I wasn’t completely taken aback because this had been suggested to me before in exploratory conversations. That had given me enough time to know that I wanted the job or that I was up for the job. But of course, nothing can quite prepare you for the offer. To be in a room with Dan [Buckley] and Joe and Ski [C.B. Cebulski] and know that they have the confidence in you to do the job…it’s humbling, let’s put it that way.
We also spoke with Joe this week, in a conversation to be published later today, and one idea that came up was that of career trajectory and whether he’d originally set his sights on the Editor-in-Chief job since he came from a freelance background. You’ve always been in Editorial, so was this something you planned or hoped for, or did it just come as a progression from years on the job?
It’s the latter. It’s a progression. With all due respect to the title, this was not something I had seen in my future and coveted. I certainly didn’t rule out the possibility that this day might come, but I never expected it to come. Obviously, whenever I pondered the possibility, I had to think, “Would I want it?” The long and the short of it is that I do want it. I am excited and daunted in equal measure, but I’m very excited about the challenges ahead. Obviously, being so involved in Joe’s tenure as Editor-in-Chief — coming in to Marvel because he was hired and literally only a few days after he was hired was when I started my job — it’s a big moment both for him and for me. I joke about it as the Jordan/Pippen thing. Jordan’s retired, and now Pippen’s got to take the Bull’s to the championship again…and minus one Hubert Davis fudged foul, he probably would’ve, but anyway. [Laughter]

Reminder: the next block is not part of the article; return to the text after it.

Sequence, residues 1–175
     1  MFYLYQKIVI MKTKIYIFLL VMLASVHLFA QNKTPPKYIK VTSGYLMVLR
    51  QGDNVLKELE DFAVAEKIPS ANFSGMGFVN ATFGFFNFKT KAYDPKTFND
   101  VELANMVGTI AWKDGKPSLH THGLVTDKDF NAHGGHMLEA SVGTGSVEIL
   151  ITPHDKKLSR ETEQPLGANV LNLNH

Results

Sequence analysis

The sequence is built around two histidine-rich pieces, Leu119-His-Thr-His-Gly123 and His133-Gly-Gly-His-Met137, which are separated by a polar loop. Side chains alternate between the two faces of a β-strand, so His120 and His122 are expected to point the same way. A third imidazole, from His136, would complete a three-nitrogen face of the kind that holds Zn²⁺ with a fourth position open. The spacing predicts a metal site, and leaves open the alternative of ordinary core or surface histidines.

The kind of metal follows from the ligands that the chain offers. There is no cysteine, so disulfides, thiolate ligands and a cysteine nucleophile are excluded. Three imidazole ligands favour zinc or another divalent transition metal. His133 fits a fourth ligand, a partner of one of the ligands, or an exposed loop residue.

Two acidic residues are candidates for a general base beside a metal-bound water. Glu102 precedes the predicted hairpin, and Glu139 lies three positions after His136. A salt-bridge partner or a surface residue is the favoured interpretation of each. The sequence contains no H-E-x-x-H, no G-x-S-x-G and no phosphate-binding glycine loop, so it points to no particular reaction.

Almost every other Editor-in-Chief that’s come into Marvel has come on the heels of someone else getting canned, for lack of a more eloquent term. That seems notable in that those guys were able to come in with a mandate to do things differently and to have their own take on the job. With Joe stepping away after years of success, is there a draw for you to say to yourself, “If it ain’t broke, don’t fix it,” or do you see ways you want to change things up from how Joe did it, even though you’ve been working with him all these years?